Philadelphia, PA — Cannabis exposure in adolescents and young adults is not associated with any significant long-term detrimental effects on cognitive performance, according to a systematic literature review published Wednesday in the journal JAMA Psychiatry.
Investigators affiliated with the University of Pennsylvania, Perelman School of Medicine and with the Children’s Hospital of Pennsylvania reviewed data from 69 separate studies published between 1973 and 2017 involving 8,727 subjects (2,152 frequent or heavy users and 6,575 controls). Researchers reported no significant long-term deficits in memory, attention, or other aspects of cognitive functioning that could be independently attributed to cannabis use, regardless of subjects’ age of initiation. These findings are in contrast to similar studies assessing the impact of alcohol use and other controlled substances on cognitive performance, which “have shown medium to large effect sizes.”
Authors concluded: “Associations between cannabis use and cognitive functioning in cross-sectional studies of adolescents and young adults are small and may be of questionable clinical importance for most individuals. Furthermore, abstinence of longer than 72 hours diminishes cognitive deficits associated with cannabis use. [R]esults indicate that previous studies of cannabis youth may have overstated the magnitude and persistence of cognitive deficits associated with marijuana use.”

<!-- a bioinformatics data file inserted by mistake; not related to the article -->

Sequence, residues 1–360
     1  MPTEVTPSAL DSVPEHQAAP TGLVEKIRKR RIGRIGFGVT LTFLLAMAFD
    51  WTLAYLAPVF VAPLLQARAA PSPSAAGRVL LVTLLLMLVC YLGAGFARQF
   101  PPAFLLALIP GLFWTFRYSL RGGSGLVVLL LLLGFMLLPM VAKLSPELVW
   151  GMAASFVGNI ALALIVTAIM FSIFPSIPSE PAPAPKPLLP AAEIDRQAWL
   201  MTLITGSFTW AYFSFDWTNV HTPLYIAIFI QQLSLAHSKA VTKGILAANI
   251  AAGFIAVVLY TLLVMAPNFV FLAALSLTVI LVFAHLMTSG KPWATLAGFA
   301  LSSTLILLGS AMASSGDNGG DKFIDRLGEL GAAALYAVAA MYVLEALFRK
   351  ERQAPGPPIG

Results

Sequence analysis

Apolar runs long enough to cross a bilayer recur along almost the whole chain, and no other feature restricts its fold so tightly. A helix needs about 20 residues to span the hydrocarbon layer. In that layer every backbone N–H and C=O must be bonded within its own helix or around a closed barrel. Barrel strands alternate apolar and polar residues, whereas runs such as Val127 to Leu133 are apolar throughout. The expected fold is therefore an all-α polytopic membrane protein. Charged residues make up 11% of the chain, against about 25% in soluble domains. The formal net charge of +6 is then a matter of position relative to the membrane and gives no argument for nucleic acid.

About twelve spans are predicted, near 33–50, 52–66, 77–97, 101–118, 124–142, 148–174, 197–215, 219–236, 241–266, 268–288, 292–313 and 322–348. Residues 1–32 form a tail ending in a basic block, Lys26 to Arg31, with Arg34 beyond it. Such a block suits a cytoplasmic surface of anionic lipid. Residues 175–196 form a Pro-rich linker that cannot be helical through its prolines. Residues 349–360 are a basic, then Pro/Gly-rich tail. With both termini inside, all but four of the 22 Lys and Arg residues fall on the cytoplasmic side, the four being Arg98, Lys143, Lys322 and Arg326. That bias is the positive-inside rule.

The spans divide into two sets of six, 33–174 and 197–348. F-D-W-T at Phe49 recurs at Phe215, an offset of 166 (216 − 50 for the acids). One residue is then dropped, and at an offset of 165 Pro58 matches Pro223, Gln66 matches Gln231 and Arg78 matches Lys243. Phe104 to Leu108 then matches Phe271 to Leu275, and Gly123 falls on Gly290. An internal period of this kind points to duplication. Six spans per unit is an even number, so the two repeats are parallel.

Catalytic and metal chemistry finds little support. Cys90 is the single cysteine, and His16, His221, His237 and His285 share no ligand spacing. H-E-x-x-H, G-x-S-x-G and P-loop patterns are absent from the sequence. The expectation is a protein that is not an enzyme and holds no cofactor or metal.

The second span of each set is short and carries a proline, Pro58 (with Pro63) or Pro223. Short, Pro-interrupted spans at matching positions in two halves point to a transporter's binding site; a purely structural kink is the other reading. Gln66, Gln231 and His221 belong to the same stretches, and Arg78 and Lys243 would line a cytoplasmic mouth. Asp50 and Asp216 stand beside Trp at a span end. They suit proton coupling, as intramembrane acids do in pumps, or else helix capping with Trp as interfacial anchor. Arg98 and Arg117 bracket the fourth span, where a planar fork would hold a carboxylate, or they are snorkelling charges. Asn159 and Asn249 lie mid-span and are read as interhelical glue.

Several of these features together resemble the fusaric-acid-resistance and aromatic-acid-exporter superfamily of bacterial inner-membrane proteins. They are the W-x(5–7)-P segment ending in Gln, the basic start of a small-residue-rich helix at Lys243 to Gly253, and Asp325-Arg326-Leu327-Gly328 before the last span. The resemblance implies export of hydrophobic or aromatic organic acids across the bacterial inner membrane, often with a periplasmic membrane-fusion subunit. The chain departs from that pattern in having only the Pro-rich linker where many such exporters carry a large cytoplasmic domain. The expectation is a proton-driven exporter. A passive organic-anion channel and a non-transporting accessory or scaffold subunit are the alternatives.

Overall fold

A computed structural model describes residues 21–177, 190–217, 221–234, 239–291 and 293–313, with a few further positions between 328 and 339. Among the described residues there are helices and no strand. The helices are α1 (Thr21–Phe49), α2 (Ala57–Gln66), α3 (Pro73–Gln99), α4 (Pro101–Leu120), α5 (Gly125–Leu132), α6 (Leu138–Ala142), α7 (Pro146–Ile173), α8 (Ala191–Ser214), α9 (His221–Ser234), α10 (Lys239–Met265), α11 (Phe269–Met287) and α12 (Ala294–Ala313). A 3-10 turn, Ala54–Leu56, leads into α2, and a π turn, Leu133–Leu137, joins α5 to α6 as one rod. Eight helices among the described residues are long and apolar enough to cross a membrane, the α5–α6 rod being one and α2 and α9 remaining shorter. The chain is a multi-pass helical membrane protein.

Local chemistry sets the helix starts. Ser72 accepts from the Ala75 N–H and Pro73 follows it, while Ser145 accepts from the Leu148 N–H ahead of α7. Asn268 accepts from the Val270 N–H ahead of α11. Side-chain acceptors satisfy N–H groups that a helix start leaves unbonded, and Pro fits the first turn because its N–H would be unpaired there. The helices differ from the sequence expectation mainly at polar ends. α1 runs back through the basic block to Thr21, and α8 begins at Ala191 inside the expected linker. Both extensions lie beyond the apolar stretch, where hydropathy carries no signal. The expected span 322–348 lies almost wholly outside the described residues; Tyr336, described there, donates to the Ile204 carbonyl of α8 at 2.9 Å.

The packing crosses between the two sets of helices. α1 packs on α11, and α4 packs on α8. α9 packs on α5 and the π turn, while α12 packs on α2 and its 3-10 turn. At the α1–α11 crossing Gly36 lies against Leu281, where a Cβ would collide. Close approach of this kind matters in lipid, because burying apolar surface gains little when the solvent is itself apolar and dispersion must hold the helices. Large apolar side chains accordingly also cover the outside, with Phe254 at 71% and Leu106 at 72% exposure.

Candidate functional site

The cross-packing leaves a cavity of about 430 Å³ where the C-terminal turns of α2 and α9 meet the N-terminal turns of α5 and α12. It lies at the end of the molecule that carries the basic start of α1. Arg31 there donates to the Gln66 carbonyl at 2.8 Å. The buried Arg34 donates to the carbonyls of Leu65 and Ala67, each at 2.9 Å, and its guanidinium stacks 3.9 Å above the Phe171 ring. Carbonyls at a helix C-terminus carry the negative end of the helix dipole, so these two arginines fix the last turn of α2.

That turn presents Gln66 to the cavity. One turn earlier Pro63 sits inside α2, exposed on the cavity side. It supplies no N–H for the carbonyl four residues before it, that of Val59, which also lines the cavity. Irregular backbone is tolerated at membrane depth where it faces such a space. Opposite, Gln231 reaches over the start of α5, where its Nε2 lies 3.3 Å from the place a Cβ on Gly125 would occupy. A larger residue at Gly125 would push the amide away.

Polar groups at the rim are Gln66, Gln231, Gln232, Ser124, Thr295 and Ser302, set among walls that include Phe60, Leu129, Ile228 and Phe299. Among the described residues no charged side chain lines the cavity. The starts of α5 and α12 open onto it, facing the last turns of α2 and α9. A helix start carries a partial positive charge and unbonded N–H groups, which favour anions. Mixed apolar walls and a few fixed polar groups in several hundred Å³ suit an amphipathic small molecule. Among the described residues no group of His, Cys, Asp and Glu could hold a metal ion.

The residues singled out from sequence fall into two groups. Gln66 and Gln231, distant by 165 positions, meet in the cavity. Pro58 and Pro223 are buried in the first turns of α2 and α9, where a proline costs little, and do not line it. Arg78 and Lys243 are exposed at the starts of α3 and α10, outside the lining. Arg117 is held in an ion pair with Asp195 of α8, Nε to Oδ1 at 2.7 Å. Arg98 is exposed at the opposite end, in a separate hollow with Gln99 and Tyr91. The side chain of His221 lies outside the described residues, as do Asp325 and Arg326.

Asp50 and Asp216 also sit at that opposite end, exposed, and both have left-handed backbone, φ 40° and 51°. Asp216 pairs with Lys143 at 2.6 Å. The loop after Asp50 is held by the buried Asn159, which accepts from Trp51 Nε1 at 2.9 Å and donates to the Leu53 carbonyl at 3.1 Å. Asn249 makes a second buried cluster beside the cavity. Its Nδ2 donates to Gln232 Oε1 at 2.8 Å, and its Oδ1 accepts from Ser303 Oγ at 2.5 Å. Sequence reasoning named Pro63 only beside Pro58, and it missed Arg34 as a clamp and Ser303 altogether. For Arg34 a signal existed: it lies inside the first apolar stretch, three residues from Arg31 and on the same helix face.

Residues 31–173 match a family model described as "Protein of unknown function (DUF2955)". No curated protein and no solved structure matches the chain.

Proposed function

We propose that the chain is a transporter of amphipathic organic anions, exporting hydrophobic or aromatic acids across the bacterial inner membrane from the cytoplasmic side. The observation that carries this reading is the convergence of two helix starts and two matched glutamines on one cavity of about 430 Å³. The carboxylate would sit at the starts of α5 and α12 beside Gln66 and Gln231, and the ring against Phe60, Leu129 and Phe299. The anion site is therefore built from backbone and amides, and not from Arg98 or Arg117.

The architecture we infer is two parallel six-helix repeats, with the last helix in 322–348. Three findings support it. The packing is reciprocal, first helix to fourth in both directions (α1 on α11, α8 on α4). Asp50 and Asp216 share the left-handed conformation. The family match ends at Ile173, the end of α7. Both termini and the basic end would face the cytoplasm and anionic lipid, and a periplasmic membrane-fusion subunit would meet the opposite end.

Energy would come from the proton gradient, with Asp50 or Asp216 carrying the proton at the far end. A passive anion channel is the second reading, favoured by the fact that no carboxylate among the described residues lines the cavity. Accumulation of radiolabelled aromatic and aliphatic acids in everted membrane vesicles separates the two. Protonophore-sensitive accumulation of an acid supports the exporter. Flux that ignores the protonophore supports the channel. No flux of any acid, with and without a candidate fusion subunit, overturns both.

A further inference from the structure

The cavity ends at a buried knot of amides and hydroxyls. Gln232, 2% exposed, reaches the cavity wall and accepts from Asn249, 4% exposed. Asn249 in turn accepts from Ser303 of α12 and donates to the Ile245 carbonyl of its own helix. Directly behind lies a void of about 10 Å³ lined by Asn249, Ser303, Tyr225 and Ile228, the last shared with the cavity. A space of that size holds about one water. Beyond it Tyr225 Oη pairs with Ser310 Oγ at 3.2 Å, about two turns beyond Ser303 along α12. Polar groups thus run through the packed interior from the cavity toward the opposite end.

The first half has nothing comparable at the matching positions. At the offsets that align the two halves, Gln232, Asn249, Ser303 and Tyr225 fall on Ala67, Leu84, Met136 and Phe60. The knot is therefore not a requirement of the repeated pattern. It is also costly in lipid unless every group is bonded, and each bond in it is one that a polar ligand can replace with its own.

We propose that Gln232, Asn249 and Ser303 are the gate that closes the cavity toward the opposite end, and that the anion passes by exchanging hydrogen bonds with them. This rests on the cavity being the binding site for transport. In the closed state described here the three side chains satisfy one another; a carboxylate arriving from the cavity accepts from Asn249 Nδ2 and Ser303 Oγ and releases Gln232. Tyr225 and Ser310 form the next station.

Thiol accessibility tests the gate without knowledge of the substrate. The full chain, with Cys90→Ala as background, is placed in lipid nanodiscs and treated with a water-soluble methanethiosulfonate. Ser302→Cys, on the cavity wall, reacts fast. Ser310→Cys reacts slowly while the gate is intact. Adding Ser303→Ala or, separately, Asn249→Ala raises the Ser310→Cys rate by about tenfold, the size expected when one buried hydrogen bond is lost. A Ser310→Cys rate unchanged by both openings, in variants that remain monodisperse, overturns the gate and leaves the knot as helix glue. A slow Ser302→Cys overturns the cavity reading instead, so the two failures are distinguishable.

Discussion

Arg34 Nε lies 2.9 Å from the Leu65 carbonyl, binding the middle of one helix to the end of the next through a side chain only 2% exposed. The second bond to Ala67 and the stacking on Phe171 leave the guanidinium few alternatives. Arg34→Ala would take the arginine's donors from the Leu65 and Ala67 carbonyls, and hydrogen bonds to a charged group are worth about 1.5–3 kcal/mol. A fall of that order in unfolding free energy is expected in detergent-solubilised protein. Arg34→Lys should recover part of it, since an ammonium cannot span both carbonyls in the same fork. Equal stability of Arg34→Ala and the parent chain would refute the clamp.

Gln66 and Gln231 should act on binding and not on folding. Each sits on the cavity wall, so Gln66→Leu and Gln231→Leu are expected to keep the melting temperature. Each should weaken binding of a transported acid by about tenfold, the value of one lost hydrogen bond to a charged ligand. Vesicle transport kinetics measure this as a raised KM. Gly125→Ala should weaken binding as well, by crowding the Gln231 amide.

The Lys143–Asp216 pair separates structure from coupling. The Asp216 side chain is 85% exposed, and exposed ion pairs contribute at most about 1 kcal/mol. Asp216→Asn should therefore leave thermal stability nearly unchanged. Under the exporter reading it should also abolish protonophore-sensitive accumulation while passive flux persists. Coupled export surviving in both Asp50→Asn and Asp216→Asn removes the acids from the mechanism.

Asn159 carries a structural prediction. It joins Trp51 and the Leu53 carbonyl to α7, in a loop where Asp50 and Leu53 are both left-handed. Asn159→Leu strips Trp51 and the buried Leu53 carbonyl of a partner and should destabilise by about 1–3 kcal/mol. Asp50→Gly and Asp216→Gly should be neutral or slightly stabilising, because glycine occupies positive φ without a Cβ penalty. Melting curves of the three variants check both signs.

For more information, contact Paul Armentano, NORML Deputy Director, at (202) 483-5500. Full text of the new study, “Association of cannabis with cognitive functioning in adolescents and young adults: A systematic review and meta-analysis,” appears in JAMA Psychiatry.